The slightest of upticks in volume with similar efficiency from both of them and a full, healthy season of play will only mean bumps in their fantasy numbers. Just to try and see what could have happened in a full season of play (16 games), I have calculated expected progressions in both PPR and EP fantasy points for Diggs and Thielen had they played all of the 2019 games to Weeks 5-16 average opportunity and fantasy scoring values.
Diggs averaged 7.16 opportunities per game from Week 5 to Week 16. Thielen averaged 4.83 in the same span. Rounding those numbers, I used seven opportunities per game for Diggs and five for Thielen. Here are the “real” seasons (including missing games) for both, along with what they would have done had they logged those average opportunities through the full schedule, both in PPR and EP (to account for a possible drop in efficiency and what we should realistically expect), while still averaging the same PPR/Opp and EP/Opp as they did in their real-life games:
Given that Diggs played 15 of the potential 16 games, his outcomes don’t vary as much as Thielen’s. He would still have racked up 246 PPR points compared to his actual 218 PPR had he averaged seven opportunities per game all season long. Even if we go by EP, he would have still gotten to 170 EP instead of his actual 151 EP, which would have seen him finish as the WR12 on the year.
Had Thielen played the full 16-game schedule on a weekly five-opportunity dose, his numbers would have been quite a bit higher. The PPR tally would have been bumped from 114 to 179 PPR (WR35) and the EP would have been 122 EP (WR60, but keep in mind Thielen played a good amount of games banged up and the numbers are based on those performances) instead of his actual paltry 65 EP.
Although it may be unrealistic to expect Diggs and Thielen to maintain quite the level of efficiency they displayed last season, this analysis shows that both should have solid floors given the expected increase in volume, with massive upside if they can build upon last season.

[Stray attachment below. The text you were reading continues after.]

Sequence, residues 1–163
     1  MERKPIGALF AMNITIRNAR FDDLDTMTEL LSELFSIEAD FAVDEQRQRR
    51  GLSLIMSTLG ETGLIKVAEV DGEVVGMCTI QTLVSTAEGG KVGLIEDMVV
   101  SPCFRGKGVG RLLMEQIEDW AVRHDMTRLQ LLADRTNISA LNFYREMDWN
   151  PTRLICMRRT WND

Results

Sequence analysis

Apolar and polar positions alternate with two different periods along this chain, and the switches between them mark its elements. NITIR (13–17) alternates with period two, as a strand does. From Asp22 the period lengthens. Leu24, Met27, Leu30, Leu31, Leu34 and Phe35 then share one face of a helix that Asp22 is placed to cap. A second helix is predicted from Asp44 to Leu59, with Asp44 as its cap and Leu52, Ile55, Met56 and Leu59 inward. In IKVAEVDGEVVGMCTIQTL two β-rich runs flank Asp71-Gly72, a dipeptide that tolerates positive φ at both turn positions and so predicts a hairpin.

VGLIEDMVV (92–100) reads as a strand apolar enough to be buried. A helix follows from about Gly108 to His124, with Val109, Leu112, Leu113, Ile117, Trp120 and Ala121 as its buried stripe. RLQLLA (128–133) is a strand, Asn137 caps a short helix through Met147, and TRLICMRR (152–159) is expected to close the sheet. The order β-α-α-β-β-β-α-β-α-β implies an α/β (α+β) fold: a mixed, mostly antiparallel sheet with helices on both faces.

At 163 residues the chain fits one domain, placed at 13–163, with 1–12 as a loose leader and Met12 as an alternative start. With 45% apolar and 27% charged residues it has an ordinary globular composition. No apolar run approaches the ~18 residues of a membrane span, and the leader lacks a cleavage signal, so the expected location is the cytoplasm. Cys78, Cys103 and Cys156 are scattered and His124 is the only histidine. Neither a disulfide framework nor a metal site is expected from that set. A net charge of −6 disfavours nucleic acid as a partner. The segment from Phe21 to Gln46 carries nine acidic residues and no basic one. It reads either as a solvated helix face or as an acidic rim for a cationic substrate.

Diggs is currently the WR18 in early best ball drafts, and Thielen is the WR22. Both could end up being values at those prices if the volume increase is met with even a portion of the efficiency from last season.
What About Minnesota’s Rushing Game?
It is probable that you are thinking that I’ve completely forgotten about the key piece of the Vikings 2019 success: Dalvin Cook. That’s fair, considering Cook amassed 250 rushing attempts in his 14 games played in 2019 and finally avoided major injuries for most of the year.
Minnesota is naming Gary Kubiak as their new offensive coordinator. He was already part of the team this season and one of the reasons the Vikings used a run-heavy scheme, so that will undoubtedly remain in place.
Something that might have gone unnoticed, though, is how this run-heavy approach didn’t negatively impact Diggs or Thielen when they shared the field with Cooks from Week 5 onward. Considering the average RB1 in 2019 averaged 16.2 rushing attempts per game, and setting that as the split cutoff, here is what Diggs and Thielen did in games in which they played and Cook logged 16 or more rushing attempts compared to those in which he rushed the ball fewer times:
Even with a run-heavy game plan, Diggs, Thielen, and Cook still managed to co-exist, so I have no worries about Minnesota keeping a run-heavy approach in 2020 (which is what they are going to do or at least what they’re already saying will be the case).1
There is no reason to think Minnesota won’t improve on their 2019 results. They found a way to maximize both Cousins’ and Cook’s value, adjusted the quarterback’s play after a shaky start to make him a better version of himself, and exploited their top-two receivers to the extent they could given the health problems and the not-so-smooth relationship WR-QB bumps they went through during the season.
Perhaps the best news for fantasy players, no matter the league format, is that Minnesota’s 2019 season lowered the value of every single one of the Vikings offensive pieces (other than Cook, that is) entering 2020. It’s time to pounce on all of them because improvement is the only word on their horizon.
Image Credit: Robin Alam/Icon Sportswire. Pictured: Kirk Cousins.
- The fact that Thielen and Diggs both played better in games in which Cook logged at least 16 carries speaks to the fact that Minnesota’s best chance to win games — and therefore to feed Cook in order to chew clock — is to get their star receivers going. One hopes this is not lost on Minnesota coaches. (back)